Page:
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Reprogramming Tumor Cells


Researchers in Spain explore strategies for making tumor microenvironment less “tumor permissive.” Their experiments were in mice models of the lung cancer, so the findings are from early-stage research and far from the final word.

Tumor-associated macrophages (TAMs) are the most abundant immune cells in tumors. Extremely adaptable, they shift their function according to the microenvironment: They can be both pro- and anti-tumor. In most solid tumors, they’re immunosuppressive and pro-growth. This makes them a “remarkably promising” target in immuno-oncology, according to researchers in the innate immunity group at the Germans Trias i Pujol Research Institute in Badalona, Spain, outside Barcelona. The key, they say, is to reprogram TAMs. Their study, published in EBioMedicine, suggests that doing so could change the prospects of millions of lung cancer patients.

Maria Rosa Sarrias, Ph.D., iof Germans Trias i Pujol Research Institute in Spain,  rled esearch that involved manipulating the tumor microenviroment.

Maria Rosa Sarrias, Ph.D., iof Germans Trias i Pujol Research Institute in Spain, rled esearch that involved manipulating the tumor microenviroment.

Led by Maria Rosa Sarrias, Ph.D., the researchers had found in an earlier study that CD5L, a glycoprotein, drove cells toward a polarization similar to that induced by IL10, and that IL10-activated macrophages in vitro overexpressed CD5L.

In the current study, they found that CD5L was a “key player” in macrophage responses in the context of cancer. They determined that CD5L blockade reverted interleukin (IL)-10-induced macrophage activation. “Interestingly,” they note, blocking CD5L also inhibited CD5L expression, suggesting that this protein undergoes a positive feedback of transcriptional regulation. Their observations point to a positive feedback loop between CD5L expression and the maintenance of the immunosuppressive phenotype. Therefore, they concluded that CD5L is a TAM marker induced by factors secreted by cancer cells. High TAM CD5L protein in advanced lung cancer supports the notion that CD5L contributes to a poor prognosis.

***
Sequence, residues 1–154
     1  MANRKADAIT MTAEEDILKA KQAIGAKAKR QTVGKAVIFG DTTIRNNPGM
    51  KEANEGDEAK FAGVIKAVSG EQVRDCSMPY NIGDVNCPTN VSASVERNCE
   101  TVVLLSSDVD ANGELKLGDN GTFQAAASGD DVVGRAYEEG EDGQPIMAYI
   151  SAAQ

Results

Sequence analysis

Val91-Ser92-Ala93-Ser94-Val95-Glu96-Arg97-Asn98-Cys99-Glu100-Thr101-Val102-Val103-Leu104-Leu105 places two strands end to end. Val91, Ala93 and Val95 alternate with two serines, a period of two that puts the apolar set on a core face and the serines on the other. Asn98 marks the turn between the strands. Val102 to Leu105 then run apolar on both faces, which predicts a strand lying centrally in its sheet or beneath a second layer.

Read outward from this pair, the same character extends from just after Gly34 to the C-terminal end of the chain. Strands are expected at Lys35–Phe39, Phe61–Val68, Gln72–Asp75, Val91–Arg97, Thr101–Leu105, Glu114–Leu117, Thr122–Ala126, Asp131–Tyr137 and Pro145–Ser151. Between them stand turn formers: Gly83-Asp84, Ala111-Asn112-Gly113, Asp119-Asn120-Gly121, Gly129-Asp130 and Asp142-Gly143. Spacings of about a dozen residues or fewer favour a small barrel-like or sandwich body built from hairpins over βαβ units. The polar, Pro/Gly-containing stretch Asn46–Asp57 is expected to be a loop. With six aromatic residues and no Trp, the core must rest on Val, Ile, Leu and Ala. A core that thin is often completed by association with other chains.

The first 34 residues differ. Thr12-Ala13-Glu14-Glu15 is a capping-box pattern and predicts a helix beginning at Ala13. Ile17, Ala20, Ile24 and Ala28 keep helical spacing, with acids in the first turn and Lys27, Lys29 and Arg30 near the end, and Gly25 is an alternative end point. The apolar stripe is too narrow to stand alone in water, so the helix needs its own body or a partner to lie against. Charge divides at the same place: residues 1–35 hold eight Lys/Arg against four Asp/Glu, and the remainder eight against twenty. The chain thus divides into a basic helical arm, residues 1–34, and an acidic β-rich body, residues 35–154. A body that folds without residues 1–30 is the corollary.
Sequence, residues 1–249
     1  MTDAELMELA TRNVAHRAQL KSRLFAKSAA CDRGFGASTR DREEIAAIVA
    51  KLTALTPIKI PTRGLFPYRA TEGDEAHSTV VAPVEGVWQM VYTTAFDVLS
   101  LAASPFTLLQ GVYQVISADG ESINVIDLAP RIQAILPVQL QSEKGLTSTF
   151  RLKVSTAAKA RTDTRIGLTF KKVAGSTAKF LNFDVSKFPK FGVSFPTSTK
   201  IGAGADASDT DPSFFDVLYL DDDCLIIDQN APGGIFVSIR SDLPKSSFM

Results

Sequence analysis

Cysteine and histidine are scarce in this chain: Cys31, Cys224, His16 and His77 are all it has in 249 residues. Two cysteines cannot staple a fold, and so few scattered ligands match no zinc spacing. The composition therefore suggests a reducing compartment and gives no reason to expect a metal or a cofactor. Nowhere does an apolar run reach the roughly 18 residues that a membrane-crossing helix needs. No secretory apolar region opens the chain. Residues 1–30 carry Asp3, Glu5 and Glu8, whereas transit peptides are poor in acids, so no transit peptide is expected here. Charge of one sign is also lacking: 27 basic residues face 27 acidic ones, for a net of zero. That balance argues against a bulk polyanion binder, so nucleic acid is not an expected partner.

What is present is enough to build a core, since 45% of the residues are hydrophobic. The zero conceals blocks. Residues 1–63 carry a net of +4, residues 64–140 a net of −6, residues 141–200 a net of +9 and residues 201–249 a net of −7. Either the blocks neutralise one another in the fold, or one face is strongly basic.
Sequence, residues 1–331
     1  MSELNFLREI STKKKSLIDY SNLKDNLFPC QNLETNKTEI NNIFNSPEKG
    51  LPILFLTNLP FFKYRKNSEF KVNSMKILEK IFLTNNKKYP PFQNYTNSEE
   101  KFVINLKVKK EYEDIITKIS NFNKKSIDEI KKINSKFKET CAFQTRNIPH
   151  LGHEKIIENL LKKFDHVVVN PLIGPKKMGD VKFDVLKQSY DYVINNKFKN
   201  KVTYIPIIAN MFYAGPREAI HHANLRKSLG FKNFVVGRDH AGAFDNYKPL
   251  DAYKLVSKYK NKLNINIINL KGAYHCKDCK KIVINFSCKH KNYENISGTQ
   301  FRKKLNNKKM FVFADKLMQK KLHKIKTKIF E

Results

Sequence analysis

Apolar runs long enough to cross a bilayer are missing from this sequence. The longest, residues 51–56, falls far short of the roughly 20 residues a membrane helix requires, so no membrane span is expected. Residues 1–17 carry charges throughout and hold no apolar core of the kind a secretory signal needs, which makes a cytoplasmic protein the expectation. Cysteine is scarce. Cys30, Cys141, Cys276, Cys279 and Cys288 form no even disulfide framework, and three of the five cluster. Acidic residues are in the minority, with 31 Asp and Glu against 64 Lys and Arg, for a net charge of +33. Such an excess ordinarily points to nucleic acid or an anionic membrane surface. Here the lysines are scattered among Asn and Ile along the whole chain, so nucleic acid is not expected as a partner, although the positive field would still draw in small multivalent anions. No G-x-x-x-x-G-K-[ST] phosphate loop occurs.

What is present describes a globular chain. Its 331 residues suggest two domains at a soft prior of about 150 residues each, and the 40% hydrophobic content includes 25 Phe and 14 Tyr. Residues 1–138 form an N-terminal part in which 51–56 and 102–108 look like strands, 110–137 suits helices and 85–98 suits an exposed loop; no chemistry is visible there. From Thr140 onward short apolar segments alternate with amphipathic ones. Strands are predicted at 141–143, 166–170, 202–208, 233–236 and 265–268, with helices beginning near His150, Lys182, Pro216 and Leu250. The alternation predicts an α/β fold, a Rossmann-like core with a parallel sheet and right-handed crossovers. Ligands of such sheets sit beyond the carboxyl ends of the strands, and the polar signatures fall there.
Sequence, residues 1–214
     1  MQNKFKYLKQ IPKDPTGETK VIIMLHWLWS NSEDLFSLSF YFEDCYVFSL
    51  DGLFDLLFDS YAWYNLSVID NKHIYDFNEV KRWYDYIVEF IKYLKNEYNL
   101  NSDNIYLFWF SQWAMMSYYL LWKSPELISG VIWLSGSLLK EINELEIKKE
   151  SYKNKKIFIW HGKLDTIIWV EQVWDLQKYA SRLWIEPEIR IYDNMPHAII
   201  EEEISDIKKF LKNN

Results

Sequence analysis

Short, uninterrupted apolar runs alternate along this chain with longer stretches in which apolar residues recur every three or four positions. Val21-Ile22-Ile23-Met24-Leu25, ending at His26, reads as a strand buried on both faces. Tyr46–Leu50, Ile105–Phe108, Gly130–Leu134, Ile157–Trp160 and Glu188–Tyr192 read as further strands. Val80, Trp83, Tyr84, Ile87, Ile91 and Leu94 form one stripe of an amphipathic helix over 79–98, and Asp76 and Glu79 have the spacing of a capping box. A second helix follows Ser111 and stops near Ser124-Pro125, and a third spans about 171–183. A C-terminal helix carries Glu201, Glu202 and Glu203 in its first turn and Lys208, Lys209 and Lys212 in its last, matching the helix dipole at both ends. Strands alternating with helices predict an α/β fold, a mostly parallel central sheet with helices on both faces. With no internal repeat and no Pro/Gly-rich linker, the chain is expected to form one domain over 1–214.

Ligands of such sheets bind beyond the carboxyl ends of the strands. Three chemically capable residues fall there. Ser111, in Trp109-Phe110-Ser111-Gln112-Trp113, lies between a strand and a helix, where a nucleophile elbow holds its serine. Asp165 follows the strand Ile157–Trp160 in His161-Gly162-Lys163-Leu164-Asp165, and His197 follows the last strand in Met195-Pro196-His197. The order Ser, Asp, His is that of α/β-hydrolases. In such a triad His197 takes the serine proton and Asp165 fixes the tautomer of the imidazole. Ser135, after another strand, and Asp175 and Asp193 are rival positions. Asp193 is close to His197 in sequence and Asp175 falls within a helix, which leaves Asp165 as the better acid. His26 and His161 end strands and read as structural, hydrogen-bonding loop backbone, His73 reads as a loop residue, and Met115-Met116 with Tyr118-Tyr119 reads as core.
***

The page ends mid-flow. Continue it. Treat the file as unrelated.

To explore the therapeutic potential of targeting CD5L, the team generated a CD5L-blocking monoclonal antibody, which they named RImAb. They describe RImAb as a modulator of several hallmarks, namely vascularity, apoptosis and epithelial-mesenchymal transition factors. Administered in a mouse model of lung cancer, the antibody reduced tumor growth, reprogrammed TAMs and shifted the tumor microenvironment to be “less tumor permissive.”

The RImAb-treated group of mice showed an increase in neutrophils, which the researchers note play “important and conflicting roles in cancer development.”In their study, the expression of myeloperoxidase, a marker of neutrophil activation, negatively correlated with tumor volume, suggesting that neutrophil infiltration contributes to tumor control by RImAb. The RImAb-associated increase in neutrophils was also in line with higher levels of tumor GM-CSF, a chemoattractant for neutrophils that may have antitumor activity.In contrast, the researchers observed diminished levels of GM-CSF in the serum of RImAb-treated animals. Higher GM-CSF serum levels, they point out, are considered a marker of adverse clinical outcome, especially in patients with non-small cell lung cancer.

The results “open the door to a new line of treatment for lung cancer patients,” Sarrias said in an interview, “with the potential to be applied to other solid tumors.”

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